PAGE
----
A specific application of the process according to the invention is explained with reference to an electrochemical storage cell 11 shown in FIG. 2. The cell 11 is bounded in the outward direction by a beaker-shaped housing 12 within which a solid electrolyte 13 that also has a beaker shape, is disposed. The dimensions of the solid electrolyte 13 are chosen in such a way that a continuous gap 14 remains between the outer surfaces of the solid electrolyte 13 and the inner surfaces of the housing 12 and acts as cathode space. The interior of the solid electrolyte 13 is used as an anode space 15. A cartridge 16 which contains sodium is inserted into the solid electrolyte 13. The sodium flows out of a non-illustrated opening at the bottom of the cartridge into a gap 17 between the cartridge 16 and the inner surface of the solid electrolyte 13. An outwardly directed insulating ring 18 which serves as a flange is glazed on to the upper open end of the solid electrolyte 13. In the illustrated embodiment of the storage cell 11 used as an example, the insulating ring 18 is manufactured from alpha aluminum oxide. A glass coating 19 is applied to each of the upper and lower joining surfaces 18F of the insulating ring 18. The glass has a composition of 12% by weight of Na2 O, 48% by weight of B2 O3 as well as 40% by weight of SiO2. The coatings 19 are applied to the insulating ring 18 and formed in the same manner as is described above for the structural element 1 shown in FIG. 1. After glazing the insulating ring 18 onto the solid electrolyte 13, the housing 12 is permanently joined to the insulating ring 18.
In the illustrated embodiment used as an example, the housing 12 is manufactured from aluminum and has an inwardly directed flange 12F at the upper open end thereof serving as a sealing element. The insulating ring 18 of the solid electrolyte 3 is placed on the flange 12F. The cartridge 16 disposed in the solid electrolyte 13 has a flange 16F which is directed outwardly and also serves as a sealing element. The length of the flange 16F is dimensioned in such a way that it projects outwardly over the upwardly directed edge of the solid electrolyte 13 and is continued approximately to the center of the insulating ring 18. The flange 16F of the cartridge 16 is manufactured from a metal which is a good conductor of the electrical current and which is additionally resistant to the corrosive effects of sodium. This is necessary, in particular, since the gap 17 is gas-tightly sealed in an outward direction with the aid of the flange 16F.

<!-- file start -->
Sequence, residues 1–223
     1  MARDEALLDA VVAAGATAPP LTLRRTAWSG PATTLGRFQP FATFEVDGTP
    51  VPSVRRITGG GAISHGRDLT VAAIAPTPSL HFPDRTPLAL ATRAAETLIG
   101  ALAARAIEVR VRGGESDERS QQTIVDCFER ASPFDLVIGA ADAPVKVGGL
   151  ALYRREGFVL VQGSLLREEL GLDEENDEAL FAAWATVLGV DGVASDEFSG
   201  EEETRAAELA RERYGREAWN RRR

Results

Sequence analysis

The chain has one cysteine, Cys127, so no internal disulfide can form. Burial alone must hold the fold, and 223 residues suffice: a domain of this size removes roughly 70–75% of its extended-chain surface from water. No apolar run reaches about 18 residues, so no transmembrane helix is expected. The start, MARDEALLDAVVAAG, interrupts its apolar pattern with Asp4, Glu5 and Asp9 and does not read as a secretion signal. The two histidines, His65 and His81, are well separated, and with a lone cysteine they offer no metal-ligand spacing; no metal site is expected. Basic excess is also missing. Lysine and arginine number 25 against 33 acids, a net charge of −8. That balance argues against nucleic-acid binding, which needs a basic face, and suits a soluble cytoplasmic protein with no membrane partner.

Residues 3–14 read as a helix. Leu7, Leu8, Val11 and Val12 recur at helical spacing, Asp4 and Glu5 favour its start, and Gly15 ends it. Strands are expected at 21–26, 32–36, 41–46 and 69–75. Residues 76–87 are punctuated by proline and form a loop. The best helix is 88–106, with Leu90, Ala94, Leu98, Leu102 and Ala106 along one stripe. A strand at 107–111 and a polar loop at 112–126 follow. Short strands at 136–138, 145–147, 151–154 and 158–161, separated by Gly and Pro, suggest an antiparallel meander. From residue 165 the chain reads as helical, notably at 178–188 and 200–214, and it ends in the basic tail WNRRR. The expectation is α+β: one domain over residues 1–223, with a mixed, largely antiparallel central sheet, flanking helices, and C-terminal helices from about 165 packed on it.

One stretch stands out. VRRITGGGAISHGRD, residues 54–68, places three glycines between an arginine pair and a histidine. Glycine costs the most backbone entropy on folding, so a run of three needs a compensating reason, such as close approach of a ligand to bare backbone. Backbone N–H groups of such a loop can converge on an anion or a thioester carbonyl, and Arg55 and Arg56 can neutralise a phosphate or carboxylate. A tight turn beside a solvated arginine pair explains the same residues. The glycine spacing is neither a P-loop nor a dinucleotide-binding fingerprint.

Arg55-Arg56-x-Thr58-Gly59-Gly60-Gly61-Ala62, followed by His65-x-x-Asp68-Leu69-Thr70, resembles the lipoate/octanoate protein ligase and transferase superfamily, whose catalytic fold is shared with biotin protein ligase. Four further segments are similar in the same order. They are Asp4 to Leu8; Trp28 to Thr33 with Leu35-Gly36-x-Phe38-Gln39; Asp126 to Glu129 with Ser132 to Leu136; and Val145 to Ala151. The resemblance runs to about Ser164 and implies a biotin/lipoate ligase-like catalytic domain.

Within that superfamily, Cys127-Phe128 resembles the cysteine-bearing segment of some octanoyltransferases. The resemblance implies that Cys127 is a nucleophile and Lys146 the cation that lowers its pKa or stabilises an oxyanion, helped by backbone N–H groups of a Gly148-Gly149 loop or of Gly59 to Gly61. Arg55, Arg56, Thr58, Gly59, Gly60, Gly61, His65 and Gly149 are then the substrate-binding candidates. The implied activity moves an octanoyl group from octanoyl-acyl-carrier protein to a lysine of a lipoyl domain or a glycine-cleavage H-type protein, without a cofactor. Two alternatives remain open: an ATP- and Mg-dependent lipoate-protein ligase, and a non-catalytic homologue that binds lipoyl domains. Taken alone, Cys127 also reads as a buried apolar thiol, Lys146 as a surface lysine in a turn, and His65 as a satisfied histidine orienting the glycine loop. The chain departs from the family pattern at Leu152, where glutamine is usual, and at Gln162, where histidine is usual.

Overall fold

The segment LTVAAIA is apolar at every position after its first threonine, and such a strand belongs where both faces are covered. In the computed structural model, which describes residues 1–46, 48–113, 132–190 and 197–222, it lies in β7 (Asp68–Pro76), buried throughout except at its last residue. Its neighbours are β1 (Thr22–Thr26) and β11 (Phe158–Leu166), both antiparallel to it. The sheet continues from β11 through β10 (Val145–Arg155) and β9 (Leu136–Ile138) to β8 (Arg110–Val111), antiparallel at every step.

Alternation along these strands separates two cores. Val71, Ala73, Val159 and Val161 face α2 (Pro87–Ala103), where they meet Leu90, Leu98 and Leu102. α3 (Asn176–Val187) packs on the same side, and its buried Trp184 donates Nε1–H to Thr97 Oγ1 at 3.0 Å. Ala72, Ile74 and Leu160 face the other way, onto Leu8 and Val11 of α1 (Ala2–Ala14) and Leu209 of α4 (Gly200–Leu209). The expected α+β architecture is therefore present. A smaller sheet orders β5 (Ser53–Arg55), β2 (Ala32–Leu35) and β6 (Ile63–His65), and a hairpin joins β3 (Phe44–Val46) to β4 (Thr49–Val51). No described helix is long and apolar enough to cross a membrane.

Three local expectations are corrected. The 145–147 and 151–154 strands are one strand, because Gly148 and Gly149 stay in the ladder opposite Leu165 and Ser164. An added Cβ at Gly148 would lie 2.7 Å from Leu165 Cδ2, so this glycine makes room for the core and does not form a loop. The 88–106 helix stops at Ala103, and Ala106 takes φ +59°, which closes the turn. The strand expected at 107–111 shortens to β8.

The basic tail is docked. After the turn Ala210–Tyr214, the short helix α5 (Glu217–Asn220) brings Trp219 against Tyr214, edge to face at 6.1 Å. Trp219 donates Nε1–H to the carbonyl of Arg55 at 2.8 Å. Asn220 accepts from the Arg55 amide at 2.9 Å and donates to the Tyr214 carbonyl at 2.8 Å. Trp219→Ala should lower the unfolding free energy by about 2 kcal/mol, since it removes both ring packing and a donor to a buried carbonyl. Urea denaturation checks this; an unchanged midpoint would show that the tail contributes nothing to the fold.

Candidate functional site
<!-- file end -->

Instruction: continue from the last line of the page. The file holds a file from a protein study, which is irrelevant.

The flange 12F of the housing 12 and the flange 16F of the cartridge 16 are permanently joined to the insulating ring 18 of the solid electrolyte by thermal compression. As a result of the coatings 19 disposed on the upper and lower surfaces of the insulating ring 18, metal oxides which have formed on the upper or lower surfaces of the flanges 12F and 16F are dissolved in the coatings 19 during the step of joining to the insulating ring 18. As a result of this process, a permanent joint between the insulating ring 18 and the flanges 12F and 16F is achieved.
The foregoing is a description corresponding in substance to German Application No. P 37 36 843.5, dated Oct. 30, 1987, the International priority of which is being claimed for the instant application, and which is hereby made part of this application. Any material discrepancies between the foregoing specification and the aforementioned corresponding German application are to be resolved in favor of the latter.
|Cited Patent||Filing date||Publication date||Applicant||Title|
|US2771969 *||Nov 26, 1952||Nov 27, 1956||Gulton Ind Inc||Method for joining metallic and ceramic members|
|US3175937 *||Feb 26, 1960||Mar 30, 1965||Aeronca Mfg Corp||Method of bonding metals using borosilicate glasses|
|US3284891 *||May 3, 1965||Nov 15, 1966||Boeing Co||Method of bonding sheets of metal|
|US3676292 *||Oct 7, 1970||Jul 11, 1972||Olin Corp||Composites of glass-ceramic-to-metal,seals and method of making same|
|Citing Patent||Filing date||Publication date||Applicant||Title|
|US5534103 *||Oct 5, 1994||Jul 9, 1996||Japan As Represented By Director General Of Agency Of Industrial Science And Technology||Method for bonding of a ceramic body and a metallic body|
|US5605645 *||Apr 26, 1995||Feb 25, 1997||Abb Gadelius Kk||Furnace heater surrounded by a ceramic tube and fastened with a ceramic flange|
|US5725218 *||Nov 15, 1996||Mar 10, 1998||The University Of Chicago||High temperature seal for joining ceramics and metal alloys|
|US6974070||Aug 7, 2001||Dec 13, 2005||University Of Chicago||Joining of advanced materials by superplastic deformation|
|WO1998021509A1 *||Oct 28, 1997||May 22, 1998||The University Of Chicago||High temperature seal for joining ceramics and metal alloys|
|U.S. Classification||156/89.16, 501/17, 501/77, 501/65, 501/14, 501/4|
|International Classification||C04B37/02, H01M2/08, H01M10/39|
|Cooperative Classification||C04B37/025, C04B2237/402, H01M10/3909, C04B2237/343, C04B2237/10, H01M2/08, C04B2237/76, C04B2237/708|
|European Classification||C04B37/02D2, H01M10/39B, H01M2/08|
|Mar 5, 1990||AS||Assignment|
Owner name: ASEA BROWN BOVERI AKTIENGESELLSCHAFT, GERMANY
Free format text: ASSIGNMENT OF ASSIGNORS INTEREST.;ASSIGNORS:STEINLEITNER, GUNTHER;ROZE, PHILIPP;REEL/FRAME:005244/0755
Effective date: 19881013
|Jan 10, 1994||REMI||Maintenance fee reminder mailed|
|May 22, 1994||LAPS||Lapse for failure to pay maintenance fees|
|Aug 2, 1994||FP||Expired due to failure to pay maintenance fee|
Effective date: 19940522